In the months following the invasion of Ukraine, a group of law firms and NGOs worked together to mobilise a collaborative pro bono response to assist Ukrainian refugees in Poland. The outcome was the joint secondment programme with Safe Passage International (SPI) and European Lawyers in Lesvos (ELIL), in which A&O and several other firms* are taking part.
In the months following the invasion of Ukraine, a group of law firms and NGOs worked together to mobilise a collaborative pro bono response to assist Ukrainian refugees in Poland. The outcome was the joint secondment programme with Safe Passage International (SPI) and European Lawyers in Lesvos (ELIL), in which A&O and several other firms* are taking part. The programmes give the firms’ lawyers the opportunity to gain valuable experience around supporting refugees in Poland; experiencing the reality of the stresses and emotions that displaced Ukrainian families are going through, while providing essential guidance to help them with the many legal requirements they face on their journeys.
For Elizabeth Shorland, volunteering to be a secondee was an easy decision. Her family had been hosts to a Ukrainian woman the same age as Elizabeth since April 2022, shortly after the conflict began, and so early on, Elizabeth had a first-hand insight into the reality of the war and the impact on its people. She became the first A&O London secondee with SPI to travel to Poland.
Elizabeth said, “At the time of my secondment we were only present in two centres for refugees, one of which was a huge residential hall. There were no private rooms so finding a place where we could advise was a challenge. The Blue Dot Centre in central Warsaw had a different layout, with spaces where UNHCR workers could assess refugees’ requirements and help them understand which services they were entitled to. There was also support for children, as well as mother and baby classes. In both locations, it was a question of making the most of the space that we had.”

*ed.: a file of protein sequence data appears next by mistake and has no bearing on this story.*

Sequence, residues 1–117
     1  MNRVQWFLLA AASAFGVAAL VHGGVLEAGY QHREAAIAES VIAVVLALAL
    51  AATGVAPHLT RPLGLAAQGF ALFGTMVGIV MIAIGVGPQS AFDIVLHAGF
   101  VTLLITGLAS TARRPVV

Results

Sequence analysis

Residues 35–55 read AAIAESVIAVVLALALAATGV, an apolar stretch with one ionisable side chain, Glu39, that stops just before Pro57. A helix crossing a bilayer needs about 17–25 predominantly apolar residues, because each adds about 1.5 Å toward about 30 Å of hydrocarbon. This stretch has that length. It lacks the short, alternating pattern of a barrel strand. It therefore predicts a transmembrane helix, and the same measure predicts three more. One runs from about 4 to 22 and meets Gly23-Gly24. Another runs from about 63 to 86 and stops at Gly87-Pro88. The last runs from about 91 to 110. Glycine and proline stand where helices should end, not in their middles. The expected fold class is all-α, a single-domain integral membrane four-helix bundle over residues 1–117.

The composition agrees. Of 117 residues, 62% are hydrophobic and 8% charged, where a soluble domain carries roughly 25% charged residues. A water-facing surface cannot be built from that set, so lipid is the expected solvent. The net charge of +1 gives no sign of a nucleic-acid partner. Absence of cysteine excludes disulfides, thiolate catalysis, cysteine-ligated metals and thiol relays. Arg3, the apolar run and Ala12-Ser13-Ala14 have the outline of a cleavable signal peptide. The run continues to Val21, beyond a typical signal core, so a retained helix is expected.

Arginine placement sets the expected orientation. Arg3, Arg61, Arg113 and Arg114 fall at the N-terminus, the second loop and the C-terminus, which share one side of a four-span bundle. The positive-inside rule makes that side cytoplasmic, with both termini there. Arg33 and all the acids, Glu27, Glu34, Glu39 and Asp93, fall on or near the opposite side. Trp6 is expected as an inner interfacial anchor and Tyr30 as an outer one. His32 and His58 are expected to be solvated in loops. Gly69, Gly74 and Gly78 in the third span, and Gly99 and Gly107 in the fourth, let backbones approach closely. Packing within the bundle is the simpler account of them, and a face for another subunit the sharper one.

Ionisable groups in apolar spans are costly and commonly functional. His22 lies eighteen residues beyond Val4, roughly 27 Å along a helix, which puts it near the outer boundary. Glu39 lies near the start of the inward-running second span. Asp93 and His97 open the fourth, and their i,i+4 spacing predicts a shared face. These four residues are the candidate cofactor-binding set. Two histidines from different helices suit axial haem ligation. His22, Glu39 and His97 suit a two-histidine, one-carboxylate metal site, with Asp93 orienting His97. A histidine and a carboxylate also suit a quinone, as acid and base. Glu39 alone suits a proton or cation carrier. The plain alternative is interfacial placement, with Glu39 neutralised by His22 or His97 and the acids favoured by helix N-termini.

At the time of my secondment we were only present in two centres for refugees, one of which was a huge residential hall. There were no private rooms so finding a place where we could advise was a challenge.
A&O’s partnership with SPI connected new secondees with more experienced lawyers as well as translators, to supervise the work. Many of the issues were around eligibility for specific schemes to relocate to the UK and to assist with application processing. There was a lot to learn in a two-week secondment before handing over to a fresh cohort.
For Jakub Zabraniak, who was seconded to ELIL, working with the refugees was an emotional as much as a legal challenge. “People who had just arrived from Ukraine into Warsaw shared their stories – they’d had no one to listen to them. And you kept thinking about these stories and wanted to help as much as you could.”
Jakub was the first secondee from the A&O Warsaw office, firstly advising the refugees during his two-week secondment and then collaborating with the pro bono team to spread the news about the programme and the legal support available. Looking back on his experience, Jakub said, “It was great to share my experience to help with on-boarding other A&O lawyers to the project. Their response was incredible.”
The initial pilot phase of the secondment programme, which was meant to last three months, has now been extended to twelve. Secondees can choose to work with ELIL for three months, with two days each week dedicated to the secondment, or for two weeks where they work every day. Jakub admits that while both options are viable, he generally recommends the latter one, since otherwise it could be tricky to balance the day-to-day work with secondment commitment. It is also better for ELIL to have the consistency of the same secondee for a full two weeks.
Safe Passage and ELIL provide comprehensive training for the secondments together with a dedicated joint project co-ordinator to help secondees find their feet, manage workloads and understand the many different processes involved. Questions from refugee clients could be very specific, particularly where families were separated and trying to establish a life in Poland, even if temporarily.
During a two-week secondment, a lawyer could expect to see over 100 people and answer around 400 questions. Over the course of the conflict, the questions have changed. In the early days, people wanted to know how to legalise their stay in the short-term, but what the team is seeing now, is a move towards questions directed at how to organise a long-term stay. The war in Ukraine is evolving all the time, and the questions and challenges for refugees are reflective of the changes they are experiencing as time goes on.
What does it take to be a secondee for these programmes at A&O?
“You need a strong will to get stuck in and participate,” said Jakub. “It’s hard work, but incredibly rewarding. I am proud and happy to have had the chance to help.”